My Kind of Country

Country music from a fan's point of view since 2008

Tag Archives: John Mills

Album Review: Doug Stone – ‘In A Different Light’

in a different lightDoug’s tenth album was released in 2005 on independent label Lofton Creek. he co-produced the album with John Mills and label boss Mike Borchetta (father of Scott). The main drawback to being on an independent label turned out to be a shortage of good new songs. It also sounds as if it was produced on the cheap, with a rather compressed sound in places and the vocals have a tendency to sound staccato. A number of songs were tried as singles, but unsurprisingly none gained any traction.

On the positive side, my favourite track, ‘Let The Light Shine On You’ is lovely, a very sweet romantic ballad written by Randy Boudreaux and Blake Mevis paying tribute to a woman who has supported her husband for years, and this track is worth downloading. The wistful piano ballad ‘How Do I Get Off The Moon’ about coping with a breakup (another Boudreaux song, co-written with Kerry Kurt Phillips and Donny Keen) is also quite pretty and tenderly sung, but the shoddy engineering/audio issues spoil it sonically. On the same theme, ‘The Beginning Of The End’ is well-sung and not a bad song.

Unfortunately most of the new songs are boring and many are over-produced to boot. The heavily orchestrated ‘Everything’ is probably the best of the rest, being pleasant but rather bland, on the well-worn theme of satisfaction with one’s simple life. ‘Time’ is overproduced and not very interesting. ‘World Goes round also boring, but worse, it is overproduced and poppy, with an unnaturally staccato vocal, and generally really bad. ‘To Be A Man’ is boring and far too loud.

The paucity of good new material was countered by including a number of covers of non-country songs. An unexpectedly soulful cover of the standard ‘Georgia On My Mind’ is rather good, while ‘Only You (And You Alone)’ is okay. ‘Tell It Like It Is’ is a 60s hit for R&B artist Aaron Neville which was also a minor hit at that time for Archie Campbell and Lorene Mann, and a #2 country hit for Billy Joe Royal in 1989. Doug’s version is jazzy and sophisticated and quite good although not really country. Van Morrison’s ‘Crazy Love’ is also quite nicely done, although the effect is too staccato for my taste. ‘Millionaire’ is a sprightly tongue-in-cheek Dixieland jazz/ragtime number about trying to become a kept man, with saxophone which would be quite fun if not for the uncomfortable amount of vocal processing evident, with disconcerting shifts in volume.

Finally, he revisited a couple of his older successes. The title track makes pleasant listening but completely redundant, while ‘Why Didn’t I Think Of That’ feels rushed.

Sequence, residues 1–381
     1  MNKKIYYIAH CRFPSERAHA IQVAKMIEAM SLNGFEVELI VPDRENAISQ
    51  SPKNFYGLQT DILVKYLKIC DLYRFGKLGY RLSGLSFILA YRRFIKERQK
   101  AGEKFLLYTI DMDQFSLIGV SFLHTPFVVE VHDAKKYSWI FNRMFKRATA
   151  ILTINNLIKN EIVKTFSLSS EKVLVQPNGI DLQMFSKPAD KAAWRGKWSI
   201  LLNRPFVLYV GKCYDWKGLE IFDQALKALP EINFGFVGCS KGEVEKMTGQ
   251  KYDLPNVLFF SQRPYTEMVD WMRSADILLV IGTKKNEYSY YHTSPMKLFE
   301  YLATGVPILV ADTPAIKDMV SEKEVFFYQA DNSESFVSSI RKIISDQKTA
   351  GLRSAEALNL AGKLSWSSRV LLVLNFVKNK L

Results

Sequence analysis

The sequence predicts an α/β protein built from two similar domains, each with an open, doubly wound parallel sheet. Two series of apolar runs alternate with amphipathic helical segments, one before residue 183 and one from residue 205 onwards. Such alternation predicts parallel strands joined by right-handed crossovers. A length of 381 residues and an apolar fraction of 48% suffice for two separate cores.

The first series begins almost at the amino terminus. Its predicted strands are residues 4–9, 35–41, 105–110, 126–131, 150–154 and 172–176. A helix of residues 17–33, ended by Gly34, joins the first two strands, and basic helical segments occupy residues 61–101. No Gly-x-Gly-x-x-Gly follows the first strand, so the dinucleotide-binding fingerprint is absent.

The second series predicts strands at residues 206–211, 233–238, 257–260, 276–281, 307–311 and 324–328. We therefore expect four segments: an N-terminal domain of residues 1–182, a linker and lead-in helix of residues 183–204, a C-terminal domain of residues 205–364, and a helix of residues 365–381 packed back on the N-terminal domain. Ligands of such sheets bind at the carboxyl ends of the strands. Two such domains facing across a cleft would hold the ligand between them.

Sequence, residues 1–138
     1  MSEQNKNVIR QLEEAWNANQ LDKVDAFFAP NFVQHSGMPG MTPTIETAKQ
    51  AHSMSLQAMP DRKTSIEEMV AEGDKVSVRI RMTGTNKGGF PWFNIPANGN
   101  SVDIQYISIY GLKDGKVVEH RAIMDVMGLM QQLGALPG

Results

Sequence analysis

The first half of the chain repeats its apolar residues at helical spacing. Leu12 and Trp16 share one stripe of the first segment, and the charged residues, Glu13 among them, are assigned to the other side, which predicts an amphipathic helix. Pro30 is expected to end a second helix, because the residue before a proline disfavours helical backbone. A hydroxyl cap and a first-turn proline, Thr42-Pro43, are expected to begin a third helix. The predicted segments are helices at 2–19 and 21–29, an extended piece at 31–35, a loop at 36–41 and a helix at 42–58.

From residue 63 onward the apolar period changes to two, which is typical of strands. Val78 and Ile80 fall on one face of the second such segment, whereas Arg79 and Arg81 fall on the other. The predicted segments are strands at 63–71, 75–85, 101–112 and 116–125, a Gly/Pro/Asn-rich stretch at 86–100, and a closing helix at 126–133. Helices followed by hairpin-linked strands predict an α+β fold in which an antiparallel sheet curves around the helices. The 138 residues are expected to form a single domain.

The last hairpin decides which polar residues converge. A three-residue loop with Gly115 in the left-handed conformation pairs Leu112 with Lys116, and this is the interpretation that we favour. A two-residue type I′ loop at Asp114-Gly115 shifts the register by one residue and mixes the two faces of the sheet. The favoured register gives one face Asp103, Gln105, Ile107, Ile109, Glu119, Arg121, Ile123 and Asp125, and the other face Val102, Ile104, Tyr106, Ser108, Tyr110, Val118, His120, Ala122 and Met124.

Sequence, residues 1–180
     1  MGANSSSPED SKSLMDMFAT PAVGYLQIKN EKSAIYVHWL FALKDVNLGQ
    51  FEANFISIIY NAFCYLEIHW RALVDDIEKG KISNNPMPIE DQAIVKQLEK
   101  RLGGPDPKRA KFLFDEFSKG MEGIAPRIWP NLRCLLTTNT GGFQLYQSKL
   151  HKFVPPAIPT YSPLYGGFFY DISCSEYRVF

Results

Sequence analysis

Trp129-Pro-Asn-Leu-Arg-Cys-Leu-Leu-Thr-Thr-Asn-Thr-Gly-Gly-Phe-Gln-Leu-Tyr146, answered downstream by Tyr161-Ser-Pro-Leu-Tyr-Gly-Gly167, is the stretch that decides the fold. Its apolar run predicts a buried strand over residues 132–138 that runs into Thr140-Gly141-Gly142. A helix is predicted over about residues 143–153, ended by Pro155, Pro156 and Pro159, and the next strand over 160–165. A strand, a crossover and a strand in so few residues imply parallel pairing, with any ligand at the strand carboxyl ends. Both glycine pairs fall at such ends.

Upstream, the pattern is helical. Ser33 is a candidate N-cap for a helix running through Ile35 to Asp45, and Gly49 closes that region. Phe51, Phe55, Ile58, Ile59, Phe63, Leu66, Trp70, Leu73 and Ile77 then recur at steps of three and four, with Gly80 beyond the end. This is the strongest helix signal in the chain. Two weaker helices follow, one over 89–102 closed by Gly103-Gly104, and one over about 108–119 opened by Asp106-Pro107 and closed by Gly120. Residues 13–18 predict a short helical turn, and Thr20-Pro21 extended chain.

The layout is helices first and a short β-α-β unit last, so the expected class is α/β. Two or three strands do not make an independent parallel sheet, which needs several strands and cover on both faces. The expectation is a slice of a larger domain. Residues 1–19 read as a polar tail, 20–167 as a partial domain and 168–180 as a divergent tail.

Overall this is rather a disappointment. Used copies are available fairly cheaply, but I couldn’t really recommend it to anyone but a Doug Stone superfan. I love Stone’s voice – but sadly not this record.

Grade: C-

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Album Review: Suzy Bogguss – ‘Swing’

swingAlthough there was a swing revival that lasted for a few years (roughly 1998-2003), swing as a musical genre had its heyday during the period from 1935-1946, the period in which swing was America’s popular music. The economics of trying to keep a large band on the road after World War II led to the great swing bands breaking up and the music scene becoming the domain of smaller musical groups and solo singing stars.

Suzy Bogguss falls into that small group of country artists who comfortably perform in a wide variety of musical genres. Western, folk, country, pop and jazz all are areas which Ms. Bogguss has conquered.

The title of the album, Swing, suggests an album full of classic swing-era music from the Benny Goodman, Duke Ellington, Count Basie era. I would love for Suzy to record such an album, but this one isn’t it, although she does reach into the past for some classic swing numbers.

Swing could be described as Suzy’s tribute to modern day swing/jazz, with five of the twelve songs on the album coming from the pen of April Barrows.  Ms. Barrows, an excellent singer in her own right, composes and sings songs with the feel of swing, but with more modern and introspective lyrics than customarily found in the swing of the big band era.

In order to achieve an authentic feel for this album, Suzy engaged country music’s leading purveyor of swing, Ray Benson and members of Asleep at the Wheel.  Ray Benson plays guitar, Floyd Domino is on piano, David Sanger beats and brushes the drums and Jason Roberts plays fiddle.   Suzy and Ray produced the album.

Swing opens up with the Nat King Cole-Irving Mills composition “Straighten Up and Fly Right”, a major hit for the Nat King Cole Trio during the middle 1940s reaching #1 on the Harlem Hit Parade and spending six weeks at #1 on Billboard’s country chart . The song was based on a folk tale that Cole’s minister father had used as a theme for one of his sermons. In the song, a buzzard who had been taking different animals for joy rides would bounce them off and eat them after they were smashed on the rocks below. The monkey who is riding the buzzard in this humorous song is much too smart to fall for this trick, hanging onto the buzzard’s neck, with the admonition to “straighten up and fly right”.  There are people who swear that Nat King Cole was the best male vocalist ever in any genre of popular music (they may be right). Suzy handles the song effectively, although perhaps not with the quite the humor permeating her vocal that Cole had in his version.

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